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Desquamative gingivitis is a potentially serious form of gum disease. Problems occur when gum layers begin to separate from each other, causing inflammation and creating space for bacteria to thrive. The condition is most commonly seen in middle-aged and elderly women, and it often causes pain, sensitivity, and swelling that can make speaking and eating difficult. Most cases of desquamative gingivitis can be treated with consistent hygiene practices and regular care at a dentist's office or clinic.
The exact cause of desquamative gingivitis is not well understood, but it appears that several different factors may be involved. Unlike most forms of gingivitis, the desquamative variety does not seem to be a result of especially poor oral hygiene. Some people develop the problem despite proper brushing, flossing, and general mouth care. An allergy-related condition called lichen planus can cause skin rashes, eye problems, and oral lesions on the gums that may develop into desquamative gingivitis. Genetic and congenital conditions that affect the immune system also seem to precede gum problems in some individuals.
Early symptoms of desquamative gingivitis may include mild swelling and redness in the upper or lower gums. Over time, swelling worsens and the gums start to bleed after brushing. They can become fiery red and very tender as tissue layers actually begin to separate. A person may also notice the appearance of small white patches in the middle of the gums that flake off easily when rubbed or brushed. Once bacteria bury within gum tissue, constant pain, bad breath, and difficulties talking and swallowing become the prominent symptoms.
In most cases, dentists can easily diagnose desquamative gingivitis by simply examining the gums. Mucus and gum tissue samples are occasionally collected to check for the presence of specific bacteria or fungi. In addition, a dentist usually decides to take x-rays of the mouth to make sure abscesses or other tooth root problems have not developed.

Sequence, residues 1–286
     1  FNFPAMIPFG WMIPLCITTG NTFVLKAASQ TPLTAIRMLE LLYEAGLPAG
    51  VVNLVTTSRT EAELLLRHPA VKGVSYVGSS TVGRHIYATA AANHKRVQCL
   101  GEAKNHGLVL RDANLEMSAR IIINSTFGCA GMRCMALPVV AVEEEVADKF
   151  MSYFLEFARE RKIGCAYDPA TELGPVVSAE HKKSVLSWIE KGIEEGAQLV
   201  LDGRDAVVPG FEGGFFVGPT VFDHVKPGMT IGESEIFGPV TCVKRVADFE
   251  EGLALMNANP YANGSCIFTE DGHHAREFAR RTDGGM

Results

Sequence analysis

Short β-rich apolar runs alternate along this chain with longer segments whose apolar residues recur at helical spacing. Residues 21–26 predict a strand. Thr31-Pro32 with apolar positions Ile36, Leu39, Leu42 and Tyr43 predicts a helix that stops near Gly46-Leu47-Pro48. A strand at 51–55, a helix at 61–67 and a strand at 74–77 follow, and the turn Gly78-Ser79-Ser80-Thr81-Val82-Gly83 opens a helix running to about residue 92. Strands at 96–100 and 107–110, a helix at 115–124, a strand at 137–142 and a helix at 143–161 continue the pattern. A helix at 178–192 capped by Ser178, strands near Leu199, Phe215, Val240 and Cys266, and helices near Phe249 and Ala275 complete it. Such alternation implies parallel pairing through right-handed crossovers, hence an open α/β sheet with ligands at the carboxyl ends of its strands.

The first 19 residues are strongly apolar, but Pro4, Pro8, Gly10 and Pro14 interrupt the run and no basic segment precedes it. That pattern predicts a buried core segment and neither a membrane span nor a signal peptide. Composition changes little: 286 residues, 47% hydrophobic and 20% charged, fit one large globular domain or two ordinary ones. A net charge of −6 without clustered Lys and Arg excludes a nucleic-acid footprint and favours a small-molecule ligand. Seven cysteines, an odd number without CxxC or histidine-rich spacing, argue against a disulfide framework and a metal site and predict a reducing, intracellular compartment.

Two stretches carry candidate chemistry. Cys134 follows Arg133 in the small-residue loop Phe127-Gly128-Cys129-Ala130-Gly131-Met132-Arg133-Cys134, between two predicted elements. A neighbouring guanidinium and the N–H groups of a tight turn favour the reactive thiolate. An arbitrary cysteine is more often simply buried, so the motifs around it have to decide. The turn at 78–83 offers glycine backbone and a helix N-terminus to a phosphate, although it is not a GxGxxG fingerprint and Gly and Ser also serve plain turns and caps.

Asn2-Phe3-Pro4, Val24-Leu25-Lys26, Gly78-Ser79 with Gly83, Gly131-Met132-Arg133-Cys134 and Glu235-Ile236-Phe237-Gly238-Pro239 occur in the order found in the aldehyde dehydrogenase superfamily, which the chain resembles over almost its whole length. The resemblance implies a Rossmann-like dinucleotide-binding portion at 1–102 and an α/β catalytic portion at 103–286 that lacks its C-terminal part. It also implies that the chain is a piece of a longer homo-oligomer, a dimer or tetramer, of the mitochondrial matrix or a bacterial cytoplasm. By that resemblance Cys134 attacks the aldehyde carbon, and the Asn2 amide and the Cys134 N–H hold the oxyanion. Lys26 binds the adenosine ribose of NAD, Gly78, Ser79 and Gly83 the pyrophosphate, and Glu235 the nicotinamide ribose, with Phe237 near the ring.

The mainstay of treatment for desquamative gingivitis is proper oral hygiene. Patients are instructed to brush, floss, and rinse daily as well as set regular appointment for professional dental cleanings. When specific bacteria are discovered, topical or oral antibiotics may be prescribed to be taken for two to four weeks. If swelling and inflammation are severe upon examination, the dentist may decide to inject a corticosteroid directly into the gum wall. Corticosteroids temporarily block the immune system's response to bacteria, which prevents further irritation.
I had gum disease for quite some time because of poor dental hygiene habits when I was a child.
However, what made it worse was taking certain medications later in life. One of the conditions is called hyperplasia, where the gums are inflamed and swollen most of the time. This makes it very difficult to brush; flossing especially was a sensitive experience.
When I would go to the dentist, he would always ask why I wasn’t flossing. I insisted that I was, but what made it difficult was the hyperplasia brought on by the medication I was taking.
This went on for quite some time. He finally gave me some periodontal gingivitis treatment, which helped a little.
Finally, however, I could take no more. I asked my doctor for an alternative medication that didn’t have hyperplasia as a side effect, and my gums have been healthy and pink ever since.